Is there a better person to from about direct response marketing and advertising than Claude Hopkins? I don’t think so. And neither do many of the experts in the field.
In fact, copywriting extraordinaire John Carlton has told the story of how he had to read Hopkins’ book “Scientific Advertising” eight times to get a job early in his career. That should tell you the value that book carries in the advertising world.
I myself have read the book about a dozen times already. It’s a compelling read that you cannot digest the first time you read. And that because of the numerous nuggets of information it has.
Even though is a short book (mine is 105 pages), there’s a lot to consume and apply to the field.
I have gathered the top five tips you can get from the book. And I would like to share them with hose who have not read the book.
These five tips can come a long way in helping propel your marketing campaigns and improve your bottom line.
Godspeed.Advertising without preparation is like a waterfall going to waste. - Claude Hopkins; Scientific Advertising Click To Tweet
Tell Your Full Story
Once you get the attention of your audience with your headline, you need to go ahead and tell them your story. Your complete story. One that doesn’t leave any room for questioning.
Most people are once-readers – meaning they will reader for as long as they have interest in what you have to say. The moment you give your audience reason to lose interest is the moment you lose them as readers. That’s why you should not leave any stone unturned.
Present everything you promise on your headline to the reader. Do so in a way that is entertaining, while giving away the information your audience needs to make a buying decision. And do not concern yourself with anything not related to the title of your story.
Perhaps nothing helps a direct response marketing campaign tell a complete story more than the use of samples. Because that small taste your prospects get from your offers can go a long way within the sales process.
Samples get action. They are a way for prospects to try your offer with no risks attached. And an easy way for current buyers to refer would-be customers (word-of-mouth). When used correctly, samples can bring home many opportunities with little effort.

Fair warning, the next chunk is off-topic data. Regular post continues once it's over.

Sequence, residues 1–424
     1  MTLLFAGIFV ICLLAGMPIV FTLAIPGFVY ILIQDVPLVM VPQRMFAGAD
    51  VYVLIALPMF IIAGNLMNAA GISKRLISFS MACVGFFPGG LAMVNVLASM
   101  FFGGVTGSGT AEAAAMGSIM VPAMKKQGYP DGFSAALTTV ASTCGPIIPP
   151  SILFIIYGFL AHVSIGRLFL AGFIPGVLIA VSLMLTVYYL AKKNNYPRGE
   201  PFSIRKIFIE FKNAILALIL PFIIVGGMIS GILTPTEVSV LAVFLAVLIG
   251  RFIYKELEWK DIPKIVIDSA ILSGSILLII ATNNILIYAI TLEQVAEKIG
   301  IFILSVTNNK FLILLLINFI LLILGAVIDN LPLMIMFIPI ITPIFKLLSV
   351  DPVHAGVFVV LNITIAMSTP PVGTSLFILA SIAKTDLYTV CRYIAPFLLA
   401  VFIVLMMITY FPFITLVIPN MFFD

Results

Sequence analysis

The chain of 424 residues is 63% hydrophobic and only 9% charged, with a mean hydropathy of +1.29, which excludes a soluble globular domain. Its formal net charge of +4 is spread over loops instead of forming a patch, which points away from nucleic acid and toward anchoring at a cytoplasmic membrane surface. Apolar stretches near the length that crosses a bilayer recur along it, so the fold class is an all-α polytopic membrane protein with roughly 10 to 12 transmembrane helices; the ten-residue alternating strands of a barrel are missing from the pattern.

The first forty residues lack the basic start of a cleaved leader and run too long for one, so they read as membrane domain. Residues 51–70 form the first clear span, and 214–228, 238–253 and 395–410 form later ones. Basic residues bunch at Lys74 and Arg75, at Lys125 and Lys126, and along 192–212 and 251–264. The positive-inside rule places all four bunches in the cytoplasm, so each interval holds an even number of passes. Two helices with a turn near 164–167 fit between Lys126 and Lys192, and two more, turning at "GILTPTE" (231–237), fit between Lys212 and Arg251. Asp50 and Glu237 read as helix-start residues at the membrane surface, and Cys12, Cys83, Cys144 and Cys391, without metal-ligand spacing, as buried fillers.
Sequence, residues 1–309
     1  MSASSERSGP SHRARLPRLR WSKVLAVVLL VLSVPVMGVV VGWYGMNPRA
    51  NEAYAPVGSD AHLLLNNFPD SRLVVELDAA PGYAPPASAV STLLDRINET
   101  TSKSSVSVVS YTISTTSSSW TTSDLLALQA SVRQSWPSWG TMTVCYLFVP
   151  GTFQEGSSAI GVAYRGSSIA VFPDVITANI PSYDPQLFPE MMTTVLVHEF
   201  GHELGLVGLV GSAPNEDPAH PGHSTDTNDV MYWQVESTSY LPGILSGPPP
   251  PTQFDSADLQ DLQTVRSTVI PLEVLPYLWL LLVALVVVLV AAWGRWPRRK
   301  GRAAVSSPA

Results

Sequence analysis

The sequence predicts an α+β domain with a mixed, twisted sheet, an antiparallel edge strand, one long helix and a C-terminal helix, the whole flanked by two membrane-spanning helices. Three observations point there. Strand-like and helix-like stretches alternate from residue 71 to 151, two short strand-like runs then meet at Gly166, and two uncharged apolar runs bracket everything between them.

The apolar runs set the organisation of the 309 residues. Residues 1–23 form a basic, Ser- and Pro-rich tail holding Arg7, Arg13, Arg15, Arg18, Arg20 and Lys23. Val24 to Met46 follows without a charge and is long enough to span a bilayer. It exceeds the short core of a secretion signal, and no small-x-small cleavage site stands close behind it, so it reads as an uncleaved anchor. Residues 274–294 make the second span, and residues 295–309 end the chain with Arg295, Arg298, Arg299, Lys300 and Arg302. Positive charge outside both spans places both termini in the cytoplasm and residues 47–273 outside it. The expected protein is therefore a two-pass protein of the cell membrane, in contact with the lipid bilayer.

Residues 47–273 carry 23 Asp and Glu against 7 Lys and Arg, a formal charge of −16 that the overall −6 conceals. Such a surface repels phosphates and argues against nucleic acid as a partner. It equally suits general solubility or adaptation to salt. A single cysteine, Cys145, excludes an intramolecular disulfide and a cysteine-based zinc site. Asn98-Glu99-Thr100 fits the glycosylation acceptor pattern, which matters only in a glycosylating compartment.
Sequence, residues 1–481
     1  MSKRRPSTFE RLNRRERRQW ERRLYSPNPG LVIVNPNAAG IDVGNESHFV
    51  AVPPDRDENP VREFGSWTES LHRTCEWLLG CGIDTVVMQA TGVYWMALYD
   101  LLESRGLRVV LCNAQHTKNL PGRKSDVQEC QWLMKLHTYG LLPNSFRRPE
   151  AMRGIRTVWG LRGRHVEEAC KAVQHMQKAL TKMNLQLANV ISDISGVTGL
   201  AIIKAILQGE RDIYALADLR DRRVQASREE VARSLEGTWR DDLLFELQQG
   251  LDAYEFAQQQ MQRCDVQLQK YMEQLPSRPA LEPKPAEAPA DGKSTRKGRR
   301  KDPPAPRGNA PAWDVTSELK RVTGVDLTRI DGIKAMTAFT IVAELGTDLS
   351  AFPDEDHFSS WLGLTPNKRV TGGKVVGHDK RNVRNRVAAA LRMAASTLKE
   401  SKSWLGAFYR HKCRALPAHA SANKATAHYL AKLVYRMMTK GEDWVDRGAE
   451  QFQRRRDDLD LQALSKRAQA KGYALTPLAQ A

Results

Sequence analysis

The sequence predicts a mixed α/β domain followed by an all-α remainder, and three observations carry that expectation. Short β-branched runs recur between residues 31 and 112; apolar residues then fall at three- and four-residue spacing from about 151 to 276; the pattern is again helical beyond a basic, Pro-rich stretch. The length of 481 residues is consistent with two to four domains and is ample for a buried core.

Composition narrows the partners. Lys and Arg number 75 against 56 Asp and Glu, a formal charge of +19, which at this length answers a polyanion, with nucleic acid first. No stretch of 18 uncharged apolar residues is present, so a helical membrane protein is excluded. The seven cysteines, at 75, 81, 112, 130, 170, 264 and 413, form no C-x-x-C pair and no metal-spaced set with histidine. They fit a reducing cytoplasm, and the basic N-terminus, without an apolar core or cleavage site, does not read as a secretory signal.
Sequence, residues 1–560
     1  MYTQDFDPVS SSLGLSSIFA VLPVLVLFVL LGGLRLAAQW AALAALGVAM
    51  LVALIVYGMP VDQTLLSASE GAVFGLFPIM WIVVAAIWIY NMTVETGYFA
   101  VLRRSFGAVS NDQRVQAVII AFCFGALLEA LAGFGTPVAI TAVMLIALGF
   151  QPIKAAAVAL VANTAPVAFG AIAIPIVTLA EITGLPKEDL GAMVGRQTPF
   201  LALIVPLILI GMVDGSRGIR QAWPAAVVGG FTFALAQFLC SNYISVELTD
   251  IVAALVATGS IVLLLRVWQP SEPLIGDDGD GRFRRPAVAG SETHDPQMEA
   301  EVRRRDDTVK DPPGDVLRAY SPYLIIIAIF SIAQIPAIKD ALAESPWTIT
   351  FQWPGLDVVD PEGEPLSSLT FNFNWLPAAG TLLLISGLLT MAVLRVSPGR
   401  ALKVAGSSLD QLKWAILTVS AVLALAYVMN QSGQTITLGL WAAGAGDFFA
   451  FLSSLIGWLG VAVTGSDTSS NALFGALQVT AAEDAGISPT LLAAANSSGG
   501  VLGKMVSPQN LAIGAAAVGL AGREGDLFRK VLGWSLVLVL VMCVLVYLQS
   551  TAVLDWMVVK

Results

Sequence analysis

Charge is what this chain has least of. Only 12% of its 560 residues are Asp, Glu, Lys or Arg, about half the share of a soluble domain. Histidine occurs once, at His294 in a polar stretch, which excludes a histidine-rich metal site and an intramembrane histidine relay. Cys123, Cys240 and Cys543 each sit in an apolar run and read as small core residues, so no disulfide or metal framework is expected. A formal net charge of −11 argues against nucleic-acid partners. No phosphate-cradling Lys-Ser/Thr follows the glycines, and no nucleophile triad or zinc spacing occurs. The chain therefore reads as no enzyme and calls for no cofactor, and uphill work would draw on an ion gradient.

But you should use your samples carefully. Give them only to those interested in buying. Never leave them randomly at doorsteps. And please… do not try to charge people for your samples.
I have mentioned before the importance of A/B testing to the success of a marketing campaign. That is because A/B testing is one of the principles Claude Hopkins hammers in his book.
Campaign testing answers pretty much any question you may have about your direct response marketing and advertising efforts. Because what you may think it works might end up being a pile of marketing garbage. And what you consider poor marketing execution could bring home the cash.
Try out plan after plan so you can know where you need to place your focus and where you need to reduce cost. Do not let the unpredictability of the advertising world take you for a ride. Test, test, and then test some more.
Being generic with your presentation will not amount to anything. According to Hopkins, “specific claims made in print are taken at their value.”
When you are not specific in your brand message, you carry an aura of uncertainty with you. And uncertainty leads to a lack of confidence in your offer from the target market.
As a I mentioned before, make sure no stone is left unturned. Put your best foot forward; do not allow the prospect to find a crack in your marketing armor. And multiply the weight of your arguments by being as specific in your advertising as you can be.
Strategy is Everything
Skill and knowledge are great for service purposes. But Hopkins warns us that without strategy, you will not get much out of your efforts.
Advertising without preparation is like a waterfall going to waste. You may have all the firing power needed to blow your competition out of the water; but if you do not focus all that energy and let it be all over the place, the results will not be favorable to you.
To build an effective strategy, you must pay attention to your surroundings. Know what the channels prospects prefer for effective content distribution. Learn about average fees and how much can you push the envelope when asking for a project. And most of all, keep an eye on your competitors – find out where they succeed and where they fail for better execution.
Let’s Talk Hopkins
Is there another Claude Hopkins lesson that has had a significant impact on your business. Please share your story in the comments. And forget to subscribe! 😉